Better Buildings Program Honors MGM Resorts for Sustainability Efforts

LAS VEGAS — The Better Buildings program, developed by the Department of Energy, recently recognized Las Vegas-based MGM Resorts International, for the company’s sustainability efforts across multiple resorts.

MGM Resorts was acknowledged for the company’s excellence and leadership in the use of energy management and information systems to reduce energy costs and improve building performance, according to a statement from the Better Buildings program. In addition, MGM Resorts was recognized for using an education management information system across 50 million square feet of building space.

MGM Resorts has a unique building monitoring system that is able to keep track of everyday work processes, retrofits and cost savings. The company’s Aria resort in Las Vegas also features a central energy plant, which played a key role in the company receiving the prestigious honor from Better Buildings. The central energy plant uses recycled heat to provide hot water to several facilities and to heat pools at some of the MGM Resort hotels, according to a statement by MGM Resorts.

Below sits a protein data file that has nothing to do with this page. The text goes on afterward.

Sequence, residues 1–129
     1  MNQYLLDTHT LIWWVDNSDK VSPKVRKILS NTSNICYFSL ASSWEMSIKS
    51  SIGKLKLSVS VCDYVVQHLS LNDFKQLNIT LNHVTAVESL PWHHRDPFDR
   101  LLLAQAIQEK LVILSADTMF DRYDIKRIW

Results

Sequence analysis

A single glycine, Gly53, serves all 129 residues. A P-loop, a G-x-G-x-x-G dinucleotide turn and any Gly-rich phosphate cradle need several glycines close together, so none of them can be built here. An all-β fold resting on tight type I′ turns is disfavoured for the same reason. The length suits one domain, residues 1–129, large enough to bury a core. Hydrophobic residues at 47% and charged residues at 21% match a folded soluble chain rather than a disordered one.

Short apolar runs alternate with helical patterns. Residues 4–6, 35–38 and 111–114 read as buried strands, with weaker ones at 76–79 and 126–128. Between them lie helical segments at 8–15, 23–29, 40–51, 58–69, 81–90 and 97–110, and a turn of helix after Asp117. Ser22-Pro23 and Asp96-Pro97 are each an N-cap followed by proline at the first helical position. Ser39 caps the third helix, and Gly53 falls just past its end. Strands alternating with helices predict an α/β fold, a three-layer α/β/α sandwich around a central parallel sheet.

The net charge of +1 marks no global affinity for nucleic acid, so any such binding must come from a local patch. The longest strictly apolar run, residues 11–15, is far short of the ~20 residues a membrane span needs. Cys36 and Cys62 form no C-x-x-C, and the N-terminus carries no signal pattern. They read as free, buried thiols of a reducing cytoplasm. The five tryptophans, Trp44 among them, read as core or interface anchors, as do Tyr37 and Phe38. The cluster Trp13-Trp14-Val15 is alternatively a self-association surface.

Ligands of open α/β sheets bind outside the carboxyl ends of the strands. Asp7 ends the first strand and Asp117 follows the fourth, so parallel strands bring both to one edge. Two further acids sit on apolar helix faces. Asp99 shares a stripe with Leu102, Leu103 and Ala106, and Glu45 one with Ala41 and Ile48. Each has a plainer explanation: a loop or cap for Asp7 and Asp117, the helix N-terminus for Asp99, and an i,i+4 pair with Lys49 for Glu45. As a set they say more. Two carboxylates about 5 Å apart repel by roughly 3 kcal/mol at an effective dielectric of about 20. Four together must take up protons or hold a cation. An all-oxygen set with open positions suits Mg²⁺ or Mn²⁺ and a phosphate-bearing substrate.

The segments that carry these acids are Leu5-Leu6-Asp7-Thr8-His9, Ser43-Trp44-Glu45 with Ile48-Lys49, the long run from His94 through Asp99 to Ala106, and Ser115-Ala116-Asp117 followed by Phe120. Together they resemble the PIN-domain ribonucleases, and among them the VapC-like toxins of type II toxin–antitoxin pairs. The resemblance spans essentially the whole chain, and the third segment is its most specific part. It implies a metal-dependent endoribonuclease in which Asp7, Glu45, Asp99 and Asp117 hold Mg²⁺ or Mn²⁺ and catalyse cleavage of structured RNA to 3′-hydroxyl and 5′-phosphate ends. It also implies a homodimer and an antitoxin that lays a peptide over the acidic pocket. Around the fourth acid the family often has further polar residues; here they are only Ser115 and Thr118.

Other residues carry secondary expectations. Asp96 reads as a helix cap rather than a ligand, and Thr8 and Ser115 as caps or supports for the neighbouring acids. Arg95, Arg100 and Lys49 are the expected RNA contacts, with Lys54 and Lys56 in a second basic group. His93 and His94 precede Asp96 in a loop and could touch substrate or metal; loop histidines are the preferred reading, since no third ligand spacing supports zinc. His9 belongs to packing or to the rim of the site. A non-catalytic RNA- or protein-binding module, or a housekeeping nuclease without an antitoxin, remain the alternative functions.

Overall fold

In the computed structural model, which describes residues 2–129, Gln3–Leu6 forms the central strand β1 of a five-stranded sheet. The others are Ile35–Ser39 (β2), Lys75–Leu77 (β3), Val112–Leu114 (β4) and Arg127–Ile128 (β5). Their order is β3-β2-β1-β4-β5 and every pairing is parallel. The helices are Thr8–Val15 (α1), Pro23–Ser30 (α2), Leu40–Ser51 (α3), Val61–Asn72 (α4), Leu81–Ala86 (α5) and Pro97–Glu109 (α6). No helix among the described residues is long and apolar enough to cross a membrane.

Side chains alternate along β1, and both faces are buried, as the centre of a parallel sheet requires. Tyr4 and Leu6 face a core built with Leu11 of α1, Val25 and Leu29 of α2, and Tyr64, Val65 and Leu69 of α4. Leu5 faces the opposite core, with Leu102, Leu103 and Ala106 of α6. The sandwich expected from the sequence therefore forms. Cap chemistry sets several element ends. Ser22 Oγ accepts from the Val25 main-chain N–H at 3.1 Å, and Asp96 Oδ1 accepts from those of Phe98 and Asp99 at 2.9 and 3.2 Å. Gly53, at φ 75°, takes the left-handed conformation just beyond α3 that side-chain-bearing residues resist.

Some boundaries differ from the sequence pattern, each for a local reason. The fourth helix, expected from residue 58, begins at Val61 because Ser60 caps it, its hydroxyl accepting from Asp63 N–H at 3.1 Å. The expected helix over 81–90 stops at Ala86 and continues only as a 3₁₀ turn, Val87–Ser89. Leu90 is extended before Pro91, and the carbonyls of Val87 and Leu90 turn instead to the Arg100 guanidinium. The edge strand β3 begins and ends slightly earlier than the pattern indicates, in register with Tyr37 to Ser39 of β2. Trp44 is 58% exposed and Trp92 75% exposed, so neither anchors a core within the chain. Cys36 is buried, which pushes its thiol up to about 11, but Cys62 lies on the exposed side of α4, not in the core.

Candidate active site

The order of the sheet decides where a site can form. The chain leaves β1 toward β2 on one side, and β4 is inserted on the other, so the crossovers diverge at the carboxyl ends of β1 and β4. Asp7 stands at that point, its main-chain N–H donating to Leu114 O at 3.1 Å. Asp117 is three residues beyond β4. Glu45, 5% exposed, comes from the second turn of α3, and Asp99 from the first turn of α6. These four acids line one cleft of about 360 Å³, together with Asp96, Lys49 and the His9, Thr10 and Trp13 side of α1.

“[Receiving the recognition] validates what we’re doing, and it also compares us to other big participants in the program as well,” said Chris Magee, MGM Resorts’ vice president of sustainable facilities, Corporate Sustainability Division, in a company statement.

Other major participants that were honored by the Better Buildings program include Emory University in Atlanta; the city of Salt Lake City; Sprint in collaboration with CBRE; and the University of California, Davis.

MGM Resorts is also involved in the Better Buildings Challenge, which sets a goal of reducing energy consumption by 20 percent by 2020, according to Better Buildings. MGM Resorts has reached about half that goal, with 10 percent of its energy costs already cut, Magee said in a statement.

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